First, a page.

Doug Turnbull of Turnbull Manufacturing, located in upstate New York, is widely accepted as the premier restorer of vintage Winchester lever-action rifles, and Doug himself has become easily recognizable at outdoor shows and gun auctions in his black derby hat.

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“We get requests all the time on how we go about our restoration process,” said Turnbull. “We start by doing a complete disassembly of the gun, closely examining the wood and metal for defects and determining what parts need to be rebuilt or replaced. We also determine if any lettering or numbers need to be recut, and what, if any, charcoal bluing or color casehardening is needed. We then give the client a quote on what we think needs to be done to bring the gun back to its original condition. We carefully review that quote with the client and get approval before we begin to do any work.”

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Before Turnbull’s gunsmiths can refinish the receiver, they’re careful to sand the base metal and remove any defects.

Turnbull starts by examining the condition of the firearm’s wood. “The wood is usually easy for us to bring back to original condition,” said Turnbull. “We begin by removing the wood from the action and then stripping off the old finish. We will repair any old repairs as needed, such as a crack in the stock that might have been glued improperly. We then put the wood back on the metal, sometimes sanding the wood on the metal with the aim of improving the metal-to-wood fit.”

Turnbull continued, “When we complete the sanding, adding any fillers that might be required, we stain the wood and apply the final finish. These stains and finishes are proprietary.” He added, “We will re-checker the wood if necessary. If the original version was not checkered, we can still do it now.”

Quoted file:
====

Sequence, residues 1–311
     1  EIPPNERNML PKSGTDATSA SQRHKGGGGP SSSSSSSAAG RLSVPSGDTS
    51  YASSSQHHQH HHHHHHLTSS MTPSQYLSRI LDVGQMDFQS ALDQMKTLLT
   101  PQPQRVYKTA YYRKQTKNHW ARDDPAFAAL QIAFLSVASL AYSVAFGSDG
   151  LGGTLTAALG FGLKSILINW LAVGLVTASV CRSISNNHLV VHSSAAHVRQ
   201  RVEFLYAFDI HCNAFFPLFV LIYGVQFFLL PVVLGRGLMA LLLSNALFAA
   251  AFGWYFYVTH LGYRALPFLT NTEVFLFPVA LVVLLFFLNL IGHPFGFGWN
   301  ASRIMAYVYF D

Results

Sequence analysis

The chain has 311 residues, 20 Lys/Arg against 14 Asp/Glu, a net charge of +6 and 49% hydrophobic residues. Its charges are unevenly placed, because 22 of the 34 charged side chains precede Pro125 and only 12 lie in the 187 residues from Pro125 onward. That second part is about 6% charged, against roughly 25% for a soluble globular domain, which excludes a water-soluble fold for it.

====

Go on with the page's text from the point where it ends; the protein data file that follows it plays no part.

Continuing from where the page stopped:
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To create authentic new stocks for Winchester lever actions, Turnbull uses a lathe that will trace the outline of an original.

Next comes the metal restoration process. This includes looking for any rusted parts and examining the condition of any engraving. “We start the metal restoration by applying a raw file to any rusted areas, eventually smoothing out those areas with an emery cloth. This cleans the metal and makes it shine. If needed, we will retouch or reroll the barrel addresses or manufacturing markings so that their edges are sharp and easy to read,” said Turnbull.

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“If the barrel is badly pitted or otherwise in poor shape, we will replace the barrel. We then polish any metal parts as needed, paying particularly close attention to those areas around the dovetails before rust-bluing the barrel and magazine tube,” said Turnbull. “Next, we examine the receiver and do any repairs mechanically and/or along the outside edges before repairing, welding and reshaping any metal that is worn from use. Usually the upper rail dust cover needs to be rebuilt.

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After restoring every piece of the gun, the gunsmith puts it back together piece by piece in the exact order it was disassembled.

“Then we apply a raw file and emery cloth to smaller parts,” added Turnbull, “such as the front and rear gun sights and fitting screws. We will fix the slot in the original screws or replace those screws with new ones. Once the rest of the parts have been polished, we apply the original factory finish. We charcoal blue the magazine retaining band and loading gate, and, where appropriate, color caseharden all the small parts. Depending on the model, some receivers are charcoal blued and others are color casehardened. When all the finishing is completed, we reassemble the gun in reverse order, being careful not to scratch or dent any part of the gun.”

For more information, visit http://www.turnbullmfg.com or call 585-412-4963.

 

This article was published in the 2017 edition of the Complete Book of Guns. For information on how to subscribe, please email subscriptions@outdoorgroupmags.com or call 1-800-284-5668.